The Koran allows men to beat their wives (but not kill them because God is merciful) and chop of thieves hands and feet (but not kill them because God is merciful).
If that's what God is like then I was born in the wrong universe. This God is sadistic and cruel.
A hardcore anti-theist: god doesn't exist, all religions are demonstrably false and poisonous. Heroes: Christopher Hitchens, Penn Jillette
It having never been written.
This is not a completely sarcastic comment.
The Koran is supposedly a text representing a "religion of peace".
I would disagree.
When a religion calls for the blood of non-believers, for no other reason then that they are so made that they cannot believe, then that religion cannot be called peaceful.
In almost every sentence the Koran calls for the bloodshed of others, specifically for those who do not believe.
The root of the problem is when people who read such texts as the Torah, the Bible, the Koran, etc... and take them literally. Worse yet, when they act upon the commands within the bigoted and hate filled texts.
We should shelve these myths and others like them, just as we have with Zeus, Thor, and Ra. We should read them as we would any mythological story book.
"God is not great, how religion poisons everything" by Christopher Hitchens
Less pompous piety
Nothing. If the text must exist, we should be able to read it. Then we should point and laugh at it.
“In reading the Koran,” Hitchens said, “I can’t tell if it’s the word of god, but I can hope it’s a sign of god having a bad day.” - Vanity Fair 10/7/2010 -
To be clear, I feel this way about all religious texts that people still pretend to believe to be divinely inspired.
We should put away these barbaric ideas from bronze-age ignoramuses.
Yes, I will listen to it again. It is important to me as one of at least 3 books of scripture that I study regarding God's interaction with mankind through prophets.
I am very pleased with the many portions of the Koran which not only sustain Biblical teachings, but also sustain Biblical prophets by name. In some cases there are accounts which are not within the bible which were obviously lost or not included within the Bible. I think our Christian and Jewish portion of the world has much to learn about the similarities of the 2 books of scripture, divine calling of prophets at God's beckon and not our own. A thorough study of the Bible, The Koran, and The Book of Mormon shed much light and understanding on many misunderstandings and could help asway grievances.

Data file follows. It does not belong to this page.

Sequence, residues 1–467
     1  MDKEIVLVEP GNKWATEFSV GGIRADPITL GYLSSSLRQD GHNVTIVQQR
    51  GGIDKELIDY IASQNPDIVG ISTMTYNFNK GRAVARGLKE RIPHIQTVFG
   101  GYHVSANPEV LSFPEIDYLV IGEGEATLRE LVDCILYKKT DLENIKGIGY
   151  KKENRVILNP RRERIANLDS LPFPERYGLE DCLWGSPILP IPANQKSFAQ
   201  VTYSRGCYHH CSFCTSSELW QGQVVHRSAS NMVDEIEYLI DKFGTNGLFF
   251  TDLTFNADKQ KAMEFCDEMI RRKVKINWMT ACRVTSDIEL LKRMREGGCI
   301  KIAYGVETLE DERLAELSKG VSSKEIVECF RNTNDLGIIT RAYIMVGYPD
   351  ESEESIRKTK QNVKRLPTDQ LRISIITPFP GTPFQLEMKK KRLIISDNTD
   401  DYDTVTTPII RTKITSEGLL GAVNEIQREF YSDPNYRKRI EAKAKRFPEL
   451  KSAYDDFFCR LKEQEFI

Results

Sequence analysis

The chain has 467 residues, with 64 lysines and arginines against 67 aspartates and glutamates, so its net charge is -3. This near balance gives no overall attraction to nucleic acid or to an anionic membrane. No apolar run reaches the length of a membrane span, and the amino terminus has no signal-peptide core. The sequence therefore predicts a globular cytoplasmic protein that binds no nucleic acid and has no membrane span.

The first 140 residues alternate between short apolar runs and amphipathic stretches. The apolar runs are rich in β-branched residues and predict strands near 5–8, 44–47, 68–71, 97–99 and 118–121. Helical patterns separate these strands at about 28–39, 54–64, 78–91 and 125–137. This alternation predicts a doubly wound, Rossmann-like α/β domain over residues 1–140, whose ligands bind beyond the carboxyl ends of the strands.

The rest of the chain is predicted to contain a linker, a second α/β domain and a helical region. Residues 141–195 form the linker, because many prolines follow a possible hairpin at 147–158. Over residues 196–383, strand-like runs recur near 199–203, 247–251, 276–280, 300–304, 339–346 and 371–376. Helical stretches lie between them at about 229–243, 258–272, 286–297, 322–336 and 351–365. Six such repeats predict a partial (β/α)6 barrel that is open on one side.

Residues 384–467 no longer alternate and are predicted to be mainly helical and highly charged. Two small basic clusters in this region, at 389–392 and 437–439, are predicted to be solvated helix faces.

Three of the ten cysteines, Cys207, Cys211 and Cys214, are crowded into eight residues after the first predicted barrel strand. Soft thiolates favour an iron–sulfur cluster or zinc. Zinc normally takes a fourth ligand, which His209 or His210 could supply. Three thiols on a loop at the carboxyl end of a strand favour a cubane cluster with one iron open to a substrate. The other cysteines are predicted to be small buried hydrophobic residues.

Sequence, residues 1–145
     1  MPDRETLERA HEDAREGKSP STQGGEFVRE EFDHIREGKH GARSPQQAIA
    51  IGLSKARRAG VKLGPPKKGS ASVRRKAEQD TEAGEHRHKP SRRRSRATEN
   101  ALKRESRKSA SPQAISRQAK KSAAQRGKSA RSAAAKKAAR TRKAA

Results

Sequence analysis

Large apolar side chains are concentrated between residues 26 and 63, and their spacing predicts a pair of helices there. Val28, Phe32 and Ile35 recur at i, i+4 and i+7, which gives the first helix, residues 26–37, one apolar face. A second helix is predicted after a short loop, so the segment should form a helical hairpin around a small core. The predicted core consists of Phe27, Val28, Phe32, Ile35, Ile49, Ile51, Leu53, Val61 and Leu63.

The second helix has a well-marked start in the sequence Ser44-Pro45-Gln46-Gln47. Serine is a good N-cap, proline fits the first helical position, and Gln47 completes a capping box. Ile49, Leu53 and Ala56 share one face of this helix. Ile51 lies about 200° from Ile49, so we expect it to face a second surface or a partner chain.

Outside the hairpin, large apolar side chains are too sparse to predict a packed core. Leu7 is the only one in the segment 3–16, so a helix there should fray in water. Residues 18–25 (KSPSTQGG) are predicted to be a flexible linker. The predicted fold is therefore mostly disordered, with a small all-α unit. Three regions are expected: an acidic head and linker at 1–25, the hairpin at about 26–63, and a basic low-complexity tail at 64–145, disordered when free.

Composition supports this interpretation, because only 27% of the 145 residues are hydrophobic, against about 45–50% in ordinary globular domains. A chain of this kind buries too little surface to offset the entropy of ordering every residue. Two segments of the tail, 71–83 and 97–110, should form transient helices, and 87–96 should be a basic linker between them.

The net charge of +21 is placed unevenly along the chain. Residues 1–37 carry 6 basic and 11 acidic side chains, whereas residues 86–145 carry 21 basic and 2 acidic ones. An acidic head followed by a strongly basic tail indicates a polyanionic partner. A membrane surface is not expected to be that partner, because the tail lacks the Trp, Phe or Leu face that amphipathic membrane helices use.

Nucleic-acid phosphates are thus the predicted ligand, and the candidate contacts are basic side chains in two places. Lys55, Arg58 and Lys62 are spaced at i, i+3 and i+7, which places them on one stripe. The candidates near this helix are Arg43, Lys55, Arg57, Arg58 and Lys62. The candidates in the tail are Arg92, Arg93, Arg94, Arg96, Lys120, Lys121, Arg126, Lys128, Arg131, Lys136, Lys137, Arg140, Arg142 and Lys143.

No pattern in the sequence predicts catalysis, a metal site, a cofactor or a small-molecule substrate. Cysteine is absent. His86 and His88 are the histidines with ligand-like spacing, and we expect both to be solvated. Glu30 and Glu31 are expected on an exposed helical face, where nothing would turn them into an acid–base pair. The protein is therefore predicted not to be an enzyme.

The narration is not read quite as smoothly as I would like, but in sort of a sing song like tone and verse with some words cut off quite curtly. The reading is also kind of fast which makes it more difficult to follow. I would like it a bit slower and the tone more like a book.
The teachings about the forbidding of homosexuality, adultery, Moses, Mary, Noah, Joseph, and Jesus were especially moving. The many references to repentance were quite surprising.
The inordinate amount of references stating that God has no Son nor Begotten Son is troubling. Why this was included in the holy book despite the references to Jesus' prophethood, teachings, and divinity it seems is troubling. While the Koran did not seem to specifically say that Jesus is not God's Son, it simply claimed that at no time has God had or begotten a Son. It does of course refer to Jesus as Mary's son and speaks toward her holiness. What I think occurred is that during the 120 years or so from the time that Mohammed received the revelations within the Cave of Qumran from Gabriel, he not knowing how to read nor write, these revelations were kept by voice scribe recitation memory until written down into "The Book". It is my proposal that those who wrote down the book changed some of Mohammed's teachings, since a mention of God's Son would have put them within some sort of jurisdiction or affiliation with the Christian world which at that time was directed by the Papacy. I think this evaluation is very possible and explains a great deal about what very well indeed may have been attempts by ruling clerics after Mohammed's death to gain power and control over Islam and make it a separate people instead of a more universal path to know God and the Savior Jesus Christ and all the combination of prophets, Mohammed included.
I am glad that Audible offered it, and I am glad to have it. I would like for the King Fahd Translation to be offered as well.